Some of the names on the move ahead of the open.» Read More
Stocks ended sharply lower on several disappointing earnings reports and concerns about the housing industry. "The housing story has gone from bad to worse. It's pretty clear that the subprime market is not as well contained as a lot of people had been thinking," said David Rosenberg, North American economist at Merrill Lynch.
AT&T posted higher-than-expected quarterly profit on strong wireless subscriber growth, but results of the first two days of iPhone sales fell short of forecasts.
Apple's much-hyped iPhone performed nowhere near Wall Street expectations during its first 30 hours on sale. But longtime Apple bull and Piper Jaffray analyst Gene Munster told CNBC that some investors are "missing the big picture."
Goldman Sachs, Flotek, AT&T and more...Investing can be confusing. Luckily, Cramer has mapped out some road rules for all you Home Gamers trying to navigate the jungle that is Wall Street. Think of it as "Mad Money 101" –- some fundamental advice to keep in mind as you play the market. Whether you're a first time investor or a seasoned financier, it's always good to remember the basics.
Too much hype? Or not enough? It's clear, from AT&T's earnings news this morning, that Apple iPhone projections were way ahead of reality. That "popping" noise could be Apple shares. I wrote earlier today that Apple's highly hyped iPhone performed nowhere near Wall Street expectations during its first 30 hours on sale: AT&T reports 146,000 activations during its first weekend on sale.
AT&T reports earnings Tuesday and while the company's NYSE trading symbol is "T," in this case, "t" stands for telegraph, as in telegraphing what to expect from Apple which reports on Wednesday. In AT&T's case, the Street is looking for 67 cents on $29.61 billion in revenue. Rather than looking at the company's entire financial picture, I want to focus on the wireless sector since I'm really more interested in what all this could mean for Apple a day later.
Tech earnings for the week are in the books and we now all get to look ahead to Apple Inc.'s earnings next Wednesday. But reading the tea leaves from some of the biggest names reporting this week may signal a pretty good uptick in tech. And despite NASDAQ's declines today, some positive trends are developing that may signal a nice opportunity for investors.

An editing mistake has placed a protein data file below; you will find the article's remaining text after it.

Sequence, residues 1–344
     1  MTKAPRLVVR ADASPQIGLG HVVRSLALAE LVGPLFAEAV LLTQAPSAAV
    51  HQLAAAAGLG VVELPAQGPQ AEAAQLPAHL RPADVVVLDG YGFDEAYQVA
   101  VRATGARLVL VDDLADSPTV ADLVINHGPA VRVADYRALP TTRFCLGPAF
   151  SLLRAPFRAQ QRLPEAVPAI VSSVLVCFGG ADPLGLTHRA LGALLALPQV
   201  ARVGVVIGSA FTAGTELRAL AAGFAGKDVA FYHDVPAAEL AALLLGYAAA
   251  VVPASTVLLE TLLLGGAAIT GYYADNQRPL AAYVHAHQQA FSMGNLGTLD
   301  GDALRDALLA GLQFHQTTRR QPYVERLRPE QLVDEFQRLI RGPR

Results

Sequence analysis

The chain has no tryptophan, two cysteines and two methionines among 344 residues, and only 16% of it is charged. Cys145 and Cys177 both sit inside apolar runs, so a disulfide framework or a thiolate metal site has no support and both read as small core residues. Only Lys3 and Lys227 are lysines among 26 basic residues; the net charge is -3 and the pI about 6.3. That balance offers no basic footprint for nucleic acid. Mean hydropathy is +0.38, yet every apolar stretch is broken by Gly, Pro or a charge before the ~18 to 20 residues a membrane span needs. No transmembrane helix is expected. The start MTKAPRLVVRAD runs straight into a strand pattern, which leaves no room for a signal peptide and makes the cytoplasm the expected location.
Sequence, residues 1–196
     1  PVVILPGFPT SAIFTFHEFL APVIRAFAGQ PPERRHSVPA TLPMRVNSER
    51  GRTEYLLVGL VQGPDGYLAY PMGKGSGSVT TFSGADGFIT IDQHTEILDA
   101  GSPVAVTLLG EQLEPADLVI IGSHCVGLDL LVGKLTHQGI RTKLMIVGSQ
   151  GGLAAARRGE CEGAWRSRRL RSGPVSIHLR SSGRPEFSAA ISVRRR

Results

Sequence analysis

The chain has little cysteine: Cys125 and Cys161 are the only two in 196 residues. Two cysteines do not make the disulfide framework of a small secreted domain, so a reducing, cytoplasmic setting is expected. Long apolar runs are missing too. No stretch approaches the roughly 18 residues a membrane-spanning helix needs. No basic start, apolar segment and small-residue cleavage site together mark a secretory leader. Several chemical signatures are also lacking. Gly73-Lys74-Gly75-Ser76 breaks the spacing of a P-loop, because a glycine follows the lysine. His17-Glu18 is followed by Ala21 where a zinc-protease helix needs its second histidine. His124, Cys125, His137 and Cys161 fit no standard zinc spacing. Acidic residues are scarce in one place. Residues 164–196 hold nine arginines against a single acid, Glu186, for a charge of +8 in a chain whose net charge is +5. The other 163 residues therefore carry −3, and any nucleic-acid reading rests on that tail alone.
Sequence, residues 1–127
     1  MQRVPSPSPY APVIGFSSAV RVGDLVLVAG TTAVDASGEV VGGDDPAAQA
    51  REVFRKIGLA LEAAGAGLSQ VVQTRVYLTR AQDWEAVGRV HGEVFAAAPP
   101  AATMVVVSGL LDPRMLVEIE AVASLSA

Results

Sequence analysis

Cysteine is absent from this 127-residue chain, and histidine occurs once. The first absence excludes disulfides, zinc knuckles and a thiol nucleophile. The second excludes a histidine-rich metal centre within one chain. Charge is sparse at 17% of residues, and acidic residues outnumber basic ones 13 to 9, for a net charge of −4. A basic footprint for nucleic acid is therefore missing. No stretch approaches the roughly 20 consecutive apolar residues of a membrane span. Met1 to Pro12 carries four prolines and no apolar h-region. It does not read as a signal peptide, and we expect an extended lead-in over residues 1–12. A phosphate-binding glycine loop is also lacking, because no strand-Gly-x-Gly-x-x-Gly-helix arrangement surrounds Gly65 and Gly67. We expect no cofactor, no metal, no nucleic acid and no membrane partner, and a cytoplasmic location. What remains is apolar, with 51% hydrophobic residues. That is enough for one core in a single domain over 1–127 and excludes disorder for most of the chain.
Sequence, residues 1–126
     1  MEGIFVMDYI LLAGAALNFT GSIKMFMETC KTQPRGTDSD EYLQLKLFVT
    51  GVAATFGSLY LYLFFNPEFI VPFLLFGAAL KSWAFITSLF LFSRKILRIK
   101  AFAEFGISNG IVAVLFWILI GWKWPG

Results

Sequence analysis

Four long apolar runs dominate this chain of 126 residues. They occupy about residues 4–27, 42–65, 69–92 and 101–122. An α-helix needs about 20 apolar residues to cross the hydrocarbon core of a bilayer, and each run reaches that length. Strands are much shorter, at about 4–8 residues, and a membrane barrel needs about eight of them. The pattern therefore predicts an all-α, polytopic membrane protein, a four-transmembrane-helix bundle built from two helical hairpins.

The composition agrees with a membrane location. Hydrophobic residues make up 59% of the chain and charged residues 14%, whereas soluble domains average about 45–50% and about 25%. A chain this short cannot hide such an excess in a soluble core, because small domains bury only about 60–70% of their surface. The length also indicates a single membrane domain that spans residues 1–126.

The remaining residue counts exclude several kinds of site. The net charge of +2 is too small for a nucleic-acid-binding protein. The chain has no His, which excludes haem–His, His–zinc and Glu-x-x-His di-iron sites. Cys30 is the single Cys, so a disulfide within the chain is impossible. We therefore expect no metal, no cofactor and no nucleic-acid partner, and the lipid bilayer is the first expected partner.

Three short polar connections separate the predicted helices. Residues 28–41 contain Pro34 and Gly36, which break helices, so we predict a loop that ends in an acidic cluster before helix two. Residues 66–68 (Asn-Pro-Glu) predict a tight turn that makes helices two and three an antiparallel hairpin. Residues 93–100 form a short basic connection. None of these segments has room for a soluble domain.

The buzz on the street on this morning is "earnings", says Scott Fullman, director of investment strategy for IA Englander & Co.
Yahoo chief executive Jerry Yang was found wanting on Wednesday by investors who said the company needed to devise a plan to combat weaker advertising growth more quickly than in the 100 days promised by management.
Macy's, AT&T, Gildan and more...Investing can be confusing. Luckily, Cramer has mapped out some road rules for all you Home Gamers trying to navigate the jungle that is Wall Street. Think of it as "Mad Money 101" –- some fundamental advice to keep in mind as you play the market. Whether you're a first time investor or a seasoned financier, it's always good to remember the basics.
A consumer advocacy group has expressed outrage over Apple Inc.'s battery replacement program for the iPhone, while developers and hackers are trying to figure out ways they could expand the capabilities of the hot new gadget.
A well-known hacker claims to have overcome restrictions on Apple Inc.'s iPhone, allowing highly technical users to bypass AT&T Inc.'s network to use the phone's Internet and music features.
Spanish-owned mobile phone operator O2 has yet to sign any deal to bring iPhone mobile phones -- Apple's latest "must-have" gadget -- to Britain.
While most Mac geeks were worshipping at the iPhone altar this weekend, we here at CNBC got some tech geeks to dissect an Apple iPhone for us (see video below). Called a "tear down", it's when you break apart a gadget to figure out what's inside, and how much those components cost. We got one of the top companies in this field--called iSuppli-to peel apart the (Apple) gadget for us.
The most expensive iPhone model could deliver a profit margin of more than 55 percent for Apple after hardware and manufacturing costs, according to iSuppli, which examined the components of the widely anticipated device.
While most iPhone owners couldn't wait to try out their pricey new gadgets, a few raced to break them apart.
Apple outpaced analyst estimates selling more than 500,000 iPhones at Apple and AT&T stores in the first weekend it was available, according to some projections, although about 2% of AT&T customers were dissatisfied with their iPhones due to delays in wireless network activation.
Apple Inc.'s iPhone is celebrating its first complete weekend on store shelves and early reports suggest blockbuster sales. Piper Jaffray is out with a report saying that Apple and AT&T sold a staggering 500,000 iPhones in 48 hours. Both Piper and Global Crown Capital say AT&T stores sold out of their inventory by Saturday afternoon, and a quick check of Apple's website this morning to gauge availability shows it spotty at best at so many retailers. Only two stores in California, both in San Francisco, show availability of any kind. And Piper says 16% of Apple stores have sold out.
U.S. telecommunications company AT&T said on Friday it will buy rural wireless carrier Dobson Communications for $2.8 billion in cash to expand its reach in rural and suburban markets.
Global Tower, a U.S. wireless tower operator, is to be bought by a consortium of infrastructure funds managed by members of Australia's Macquarie Group in a deal valued at $1.4 billion.